The human stem cells that best reflect the blastocyst stage have been difficult to capture. The firstly established and most commonly used hPSCs15 are referred to as primed hPSCs and are transcriptionally similar to the epiblast of more advanced staged embryos as compared to blastocysts16. This is typically shown by measuring stage-specific molecular criteria (e.g., genome-wide DNA hypomethylation, X chromosome status17,18) and by comparing the cells transcriptome with reference monkey19 or human datasets11,13,14. Based on these criteria, it has been proposed that primed hPSCs reflect a post implantation (>day 7) but pre gastrulation (<day 14) stage. However, in the last decade, multiple labs have shown that primed hPSCs cultured with specific signaling pathway inhibitors and activators are capable of resetting their transcriptome, decreasing the methylation of their DNA, and, to some extent, to reactivate silenced X chromosome17,18,20–22. These shades of naive pluripotency are thought to reflect the blastocyst epiblast. Other attempts to reset primed hPSCs allowed to capture other states, for example human extended potential stem cells (hEPSCs)23 but these cells display a transcriptome more similar to the post-implantation stage (see analysis in Figure 724 and Figure 325).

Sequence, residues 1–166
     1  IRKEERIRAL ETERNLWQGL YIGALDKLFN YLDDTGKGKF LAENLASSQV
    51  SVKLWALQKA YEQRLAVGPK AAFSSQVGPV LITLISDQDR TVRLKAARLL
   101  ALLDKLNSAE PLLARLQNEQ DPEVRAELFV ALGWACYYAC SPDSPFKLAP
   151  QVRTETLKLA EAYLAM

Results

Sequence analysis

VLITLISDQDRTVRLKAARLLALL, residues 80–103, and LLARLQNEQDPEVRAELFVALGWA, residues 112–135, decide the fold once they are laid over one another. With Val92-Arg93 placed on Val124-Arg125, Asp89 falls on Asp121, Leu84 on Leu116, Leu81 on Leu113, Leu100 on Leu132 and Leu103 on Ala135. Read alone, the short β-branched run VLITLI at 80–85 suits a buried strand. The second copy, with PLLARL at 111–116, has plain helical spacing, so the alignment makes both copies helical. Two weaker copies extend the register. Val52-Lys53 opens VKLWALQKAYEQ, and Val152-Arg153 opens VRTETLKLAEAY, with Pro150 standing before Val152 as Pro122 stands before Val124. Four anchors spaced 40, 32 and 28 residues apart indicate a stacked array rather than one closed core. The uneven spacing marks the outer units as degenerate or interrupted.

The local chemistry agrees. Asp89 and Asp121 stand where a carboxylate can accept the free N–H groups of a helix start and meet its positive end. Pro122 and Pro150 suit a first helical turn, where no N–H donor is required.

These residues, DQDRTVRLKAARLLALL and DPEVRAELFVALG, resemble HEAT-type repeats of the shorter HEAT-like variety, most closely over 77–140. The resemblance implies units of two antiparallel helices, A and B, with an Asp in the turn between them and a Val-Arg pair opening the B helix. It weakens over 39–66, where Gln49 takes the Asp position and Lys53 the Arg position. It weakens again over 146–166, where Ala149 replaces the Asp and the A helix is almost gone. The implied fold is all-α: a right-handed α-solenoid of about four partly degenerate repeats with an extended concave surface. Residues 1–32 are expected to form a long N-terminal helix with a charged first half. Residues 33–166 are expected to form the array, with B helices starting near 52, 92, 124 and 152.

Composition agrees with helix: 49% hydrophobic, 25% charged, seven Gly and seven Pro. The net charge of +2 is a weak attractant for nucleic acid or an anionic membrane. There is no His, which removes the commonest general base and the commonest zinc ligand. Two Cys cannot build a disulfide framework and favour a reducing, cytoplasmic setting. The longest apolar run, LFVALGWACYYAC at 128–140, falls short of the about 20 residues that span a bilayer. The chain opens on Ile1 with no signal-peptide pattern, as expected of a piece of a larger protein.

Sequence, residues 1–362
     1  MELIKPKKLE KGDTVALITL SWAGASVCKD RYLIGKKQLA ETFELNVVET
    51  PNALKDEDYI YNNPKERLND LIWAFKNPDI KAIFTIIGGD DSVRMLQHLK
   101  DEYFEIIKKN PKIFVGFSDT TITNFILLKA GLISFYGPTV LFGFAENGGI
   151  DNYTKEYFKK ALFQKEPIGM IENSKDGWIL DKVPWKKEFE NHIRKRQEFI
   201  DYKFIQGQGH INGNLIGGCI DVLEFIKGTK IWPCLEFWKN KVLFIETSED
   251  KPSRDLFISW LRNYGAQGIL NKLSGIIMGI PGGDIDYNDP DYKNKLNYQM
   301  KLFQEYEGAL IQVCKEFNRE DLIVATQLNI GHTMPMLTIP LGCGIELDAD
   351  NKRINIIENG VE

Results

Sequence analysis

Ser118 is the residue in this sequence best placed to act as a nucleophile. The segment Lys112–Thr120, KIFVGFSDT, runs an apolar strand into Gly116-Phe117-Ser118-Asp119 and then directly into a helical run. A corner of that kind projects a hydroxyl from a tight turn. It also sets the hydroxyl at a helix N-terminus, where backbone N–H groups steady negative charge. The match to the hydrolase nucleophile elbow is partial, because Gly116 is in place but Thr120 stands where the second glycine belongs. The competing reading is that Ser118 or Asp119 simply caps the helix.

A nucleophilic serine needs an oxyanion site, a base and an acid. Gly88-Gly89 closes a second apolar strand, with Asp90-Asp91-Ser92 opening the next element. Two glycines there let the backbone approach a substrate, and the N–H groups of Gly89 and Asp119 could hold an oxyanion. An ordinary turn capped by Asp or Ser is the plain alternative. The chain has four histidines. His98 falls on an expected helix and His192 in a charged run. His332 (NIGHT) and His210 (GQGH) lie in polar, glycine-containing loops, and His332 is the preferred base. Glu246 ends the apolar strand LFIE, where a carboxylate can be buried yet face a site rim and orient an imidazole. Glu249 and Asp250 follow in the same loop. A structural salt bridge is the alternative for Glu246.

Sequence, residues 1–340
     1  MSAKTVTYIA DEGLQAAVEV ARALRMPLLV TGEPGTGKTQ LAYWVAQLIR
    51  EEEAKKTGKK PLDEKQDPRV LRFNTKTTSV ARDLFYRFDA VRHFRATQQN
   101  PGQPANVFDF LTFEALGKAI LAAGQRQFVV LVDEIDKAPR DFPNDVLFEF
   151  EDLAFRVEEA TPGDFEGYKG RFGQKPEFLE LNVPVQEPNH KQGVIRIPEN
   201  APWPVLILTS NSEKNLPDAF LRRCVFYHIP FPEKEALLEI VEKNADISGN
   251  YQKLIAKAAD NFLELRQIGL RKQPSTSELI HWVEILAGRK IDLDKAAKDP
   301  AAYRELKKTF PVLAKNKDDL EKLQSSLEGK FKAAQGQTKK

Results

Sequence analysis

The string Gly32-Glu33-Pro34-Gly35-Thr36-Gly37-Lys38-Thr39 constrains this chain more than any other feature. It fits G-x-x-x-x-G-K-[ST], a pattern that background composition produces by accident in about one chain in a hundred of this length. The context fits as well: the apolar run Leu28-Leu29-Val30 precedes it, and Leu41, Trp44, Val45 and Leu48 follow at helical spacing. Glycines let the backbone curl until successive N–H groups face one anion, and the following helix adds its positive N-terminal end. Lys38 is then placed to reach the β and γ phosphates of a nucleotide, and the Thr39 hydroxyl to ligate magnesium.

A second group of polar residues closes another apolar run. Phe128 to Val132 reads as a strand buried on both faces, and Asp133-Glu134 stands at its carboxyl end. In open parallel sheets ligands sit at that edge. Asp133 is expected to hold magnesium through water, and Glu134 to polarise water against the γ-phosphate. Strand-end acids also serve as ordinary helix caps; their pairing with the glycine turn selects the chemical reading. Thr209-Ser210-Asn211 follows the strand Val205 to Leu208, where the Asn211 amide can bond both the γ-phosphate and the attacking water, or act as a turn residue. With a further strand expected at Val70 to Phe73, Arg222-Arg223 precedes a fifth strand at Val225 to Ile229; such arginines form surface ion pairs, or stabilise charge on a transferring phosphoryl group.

The unrestricted potential of naive human pluripotent stem cells

The mouse and human blastocysts comprise 3 lineages: the trophectoderm that mediates implantation and then generates the placenta, the epiblast that forms the majority of the body, and the primitive endoderm that forms the yolk sac and part of the embryonic endoderm. In mice, the specification of the trophectoderm occurs during the transition from a morula to a blastocyst26. On the contrary, a recent study has suggested that the early human blastocyst doesn’t comprise fully specified cells but rather cells that are not yet entirely restricted to a specific lineage12. In correlation with this observation,  naive hPSCs cultured in either PXGL20 or Ti2iLGö18 are capable of forming analogs of the blastocyst-stage trophectoderm27,28. This unrestricted potential is in sharp contrast to the limited potential of mouse PSCs to form trophoblasts, as assessed in chimeric and in vitro assays29–31. Of note, although several studies have described the potential of primed hPSCs or hEPSCs to differentiate into cells with trophoblast-like properties, this process does not seem efficient, and the obtained cellular populations might be heterogeneous and reflecting a mix of post-implantation trophoblasts and amnion cells (a lineage thought to emerge from post-implantation epiblast) rather than the trophectoderm (that forms in the blastocysts). However, these attempts to efficiently form trophoblasts from primed hPSCs were very successful in order to learn about the signaling pathways32,33 regulating aspects of trophoblast specification and to pinpoint the important plasticity of human cells as compared to mouse cells.

The right signalling activity combination- TGF-β, ERK and Hippo inhibition: other secret ingredient